Miami is as much a character as any of the others in Silent City. How did you develop this idea?
It really just came down to it being my first novel and wanting the setting to be as genuine as possible. When I first started writing Silent City, I’d been in New York for only a few years, so I didn’t feel like I had a good handle on the city. So, the only other option was to write about Miami — where I was born and raised. I also felt like I wanted to write a story about my Miami, the city the tourists don’t see, beyond the beaches and TV versions. And while there are some great Miami crime novels, like Vicki Hendricks’ Miami Purity, for example — I felt like I had more to add to that region than by writing another PI novel set in New York. That’s been done before by a lot more people, and I wanted to maybe swim in a smaller, more familiar pond to start.
Dan: I’ve said before how SILENT CITY just teems with mood and atmosphere. Who do you count as your literary influences?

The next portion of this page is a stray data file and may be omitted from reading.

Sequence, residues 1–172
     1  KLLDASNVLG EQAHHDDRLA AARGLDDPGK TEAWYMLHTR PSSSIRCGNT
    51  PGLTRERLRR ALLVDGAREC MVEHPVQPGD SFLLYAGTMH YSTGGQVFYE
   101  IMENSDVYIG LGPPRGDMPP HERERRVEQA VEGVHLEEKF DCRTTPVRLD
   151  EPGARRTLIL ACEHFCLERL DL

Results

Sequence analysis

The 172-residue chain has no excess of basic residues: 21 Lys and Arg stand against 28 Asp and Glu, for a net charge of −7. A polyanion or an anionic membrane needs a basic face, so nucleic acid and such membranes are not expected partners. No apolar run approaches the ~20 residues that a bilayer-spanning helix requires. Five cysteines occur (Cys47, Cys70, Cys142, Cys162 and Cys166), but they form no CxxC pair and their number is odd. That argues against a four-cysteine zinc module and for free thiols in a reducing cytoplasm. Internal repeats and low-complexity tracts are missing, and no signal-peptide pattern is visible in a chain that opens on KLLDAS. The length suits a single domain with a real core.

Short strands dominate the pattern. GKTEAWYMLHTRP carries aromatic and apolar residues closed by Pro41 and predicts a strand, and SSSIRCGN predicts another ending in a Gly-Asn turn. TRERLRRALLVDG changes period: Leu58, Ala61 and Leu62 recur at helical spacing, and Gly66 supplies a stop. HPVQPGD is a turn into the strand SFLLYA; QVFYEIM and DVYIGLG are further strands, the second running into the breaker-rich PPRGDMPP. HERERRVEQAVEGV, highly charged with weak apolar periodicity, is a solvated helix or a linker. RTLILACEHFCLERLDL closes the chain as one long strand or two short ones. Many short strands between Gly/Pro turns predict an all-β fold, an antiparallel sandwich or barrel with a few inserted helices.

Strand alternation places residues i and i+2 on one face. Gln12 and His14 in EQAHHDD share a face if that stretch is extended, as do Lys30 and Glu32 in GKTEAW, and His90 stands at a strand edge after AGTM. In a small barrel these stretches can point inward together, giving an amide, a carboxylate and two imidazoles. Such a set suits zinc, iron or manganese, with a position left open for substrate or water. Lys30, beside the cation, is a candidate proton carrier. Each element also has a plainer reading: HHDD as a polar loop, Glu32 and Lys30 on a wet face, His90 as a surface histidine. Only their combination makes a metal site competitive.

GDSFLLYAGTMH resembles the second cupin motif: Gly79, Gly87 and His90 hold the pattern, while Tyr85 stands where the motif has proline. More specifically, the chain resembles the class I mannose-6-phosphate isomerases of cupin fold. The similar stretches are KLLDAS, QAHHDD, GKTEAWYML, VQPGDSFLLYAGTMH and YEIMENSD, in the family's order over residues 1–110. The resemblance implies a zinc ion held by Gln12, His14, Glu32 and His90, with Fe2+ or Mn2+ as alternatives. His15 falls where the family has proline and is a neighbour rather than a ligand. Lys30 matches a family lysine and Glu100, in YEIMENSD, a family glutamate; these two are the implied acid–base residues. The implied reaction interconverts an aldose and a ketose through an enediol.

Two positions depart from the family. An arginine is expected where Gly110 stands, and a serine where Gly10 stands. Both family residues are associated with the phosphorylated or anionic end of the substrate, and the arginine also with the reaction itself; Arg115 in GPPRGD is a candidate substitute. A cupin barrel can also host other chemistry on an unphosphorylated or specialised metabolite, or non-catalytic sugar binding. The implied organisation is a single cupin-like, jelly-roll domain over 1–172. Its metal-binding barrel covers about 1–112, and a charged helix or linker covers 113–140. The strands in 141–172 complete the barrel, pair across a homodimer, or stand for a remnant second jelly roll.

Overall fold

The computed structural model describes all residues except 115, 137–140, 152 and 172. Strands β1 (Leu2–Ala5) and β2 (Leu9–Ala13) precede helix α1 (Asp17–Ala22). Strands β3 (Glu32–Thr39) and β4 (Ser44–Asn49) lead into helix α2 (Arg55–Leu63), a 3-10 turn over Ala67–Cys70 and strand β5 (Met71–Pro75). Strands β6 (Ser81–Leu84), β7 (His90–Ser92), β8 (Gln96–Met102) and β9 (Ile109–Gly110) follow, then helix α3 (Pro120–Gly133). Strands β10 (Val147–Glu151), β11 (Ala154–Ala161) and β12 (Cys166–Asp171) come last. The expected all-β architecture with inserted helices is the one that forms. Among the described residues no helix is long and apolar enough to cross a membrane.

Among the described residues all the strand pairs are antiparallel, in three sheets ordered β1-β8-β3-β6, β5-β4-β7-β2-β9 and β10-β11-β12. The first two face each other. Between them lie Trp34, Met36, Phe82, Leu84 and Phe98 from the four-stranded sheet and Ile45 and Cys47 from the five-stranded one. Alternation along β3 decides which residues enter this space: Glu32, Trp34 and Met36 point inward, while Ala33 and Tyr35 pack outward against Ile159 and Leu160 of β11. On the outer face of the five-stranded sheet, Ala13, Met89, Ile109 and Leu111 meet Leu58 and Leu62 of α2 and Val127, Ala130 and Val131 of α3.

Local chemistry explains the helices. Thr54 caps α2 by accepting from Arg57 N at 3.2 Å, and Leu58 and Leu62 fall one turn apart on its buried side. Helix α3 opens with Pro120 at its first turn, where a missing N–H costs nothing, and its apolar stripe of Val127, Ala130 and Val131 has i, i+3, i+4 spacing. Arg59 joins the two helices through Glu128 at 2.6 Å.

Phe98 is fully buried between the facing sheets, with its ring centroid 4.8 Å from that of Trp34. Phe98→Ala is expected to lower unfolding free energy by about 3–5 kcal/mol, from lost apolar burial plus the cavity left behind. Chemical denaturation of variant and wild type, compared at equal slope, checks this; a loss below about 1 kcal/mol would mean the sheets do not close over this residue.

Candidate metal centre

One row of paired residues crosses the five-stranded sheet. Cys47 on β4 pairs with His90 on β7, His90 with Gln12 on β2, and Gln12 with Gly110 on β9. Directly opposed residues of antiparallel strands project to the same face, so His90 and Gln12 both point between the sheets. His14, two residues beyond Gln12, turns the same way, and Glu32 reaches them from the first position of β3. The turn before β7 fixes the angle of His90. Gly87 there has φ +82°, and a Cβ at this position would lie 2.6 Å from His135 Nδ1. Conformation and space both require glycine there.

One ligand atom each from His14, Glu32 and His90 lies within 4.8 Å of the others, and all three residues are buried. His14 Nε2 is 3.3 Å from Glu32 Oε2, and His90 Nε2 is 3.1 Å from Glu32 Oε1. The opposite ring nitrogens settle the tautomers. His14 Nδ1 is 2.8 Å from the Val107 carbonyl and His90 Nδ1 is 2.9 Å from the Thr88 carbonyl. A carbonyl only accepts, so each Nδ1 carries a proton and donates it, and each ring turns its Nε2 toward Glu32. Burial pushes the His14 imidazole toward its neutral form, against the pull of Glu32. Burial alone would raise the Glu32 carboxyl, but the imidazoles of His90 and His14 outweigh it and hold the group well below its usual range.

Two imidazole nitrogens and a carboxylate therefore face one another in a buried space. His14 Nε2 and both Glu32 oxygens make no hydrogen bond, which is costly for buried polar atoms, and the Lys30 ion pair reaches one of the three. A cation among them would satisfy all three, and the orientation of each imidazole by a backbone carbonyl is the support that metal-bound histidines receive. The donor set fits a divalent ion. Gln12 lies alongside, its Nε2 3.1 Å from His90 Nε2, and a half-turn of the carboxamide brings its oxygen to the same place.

Alex: I lean toward crime fiction that is more about character, setting and mood. I’m a fan of a strong plot and a big reveal – I think a good surprise is rare and special. But I want to read about characters that seem real and aren’t invincible that live in places that are evolving and have their own quirks. So, it’s no surprise I love The Wire, and the many great crime writers that helped that show – mainly Pelecanos, Lehane and Price. I love characters that jump off the page, who have quirks that make you feel like you’re sitting across from them at a restaurant, so I gravitate to anything Megan Abbott or Sara Gran write. I think Gran’s Claire DeWitt books are amazing, and strike such a wonderful mood and create a world you just want to live in. James Ellroy was one of the first modern crime writers I read and I love everything he’s done – the way he portrays his city, his frightening characters and just the way he puts words together. His use of omission and the way he makes you pay attention are so subtle – and I know a lot of people find his more recent work difficult, but I think that’s good. But I think it’s fine to have to work for something – to read closely or go back and double-check a passage. It shows you’re engaged. And he’s the master of that. Lastly, I think if anyone wants to take a master’s course in PI fiction, they should buy a stack of Lawrence Block’s Scudder and Reed Farrel Coleman’s Prager books – because that’s all you need to know. Classics, both of them.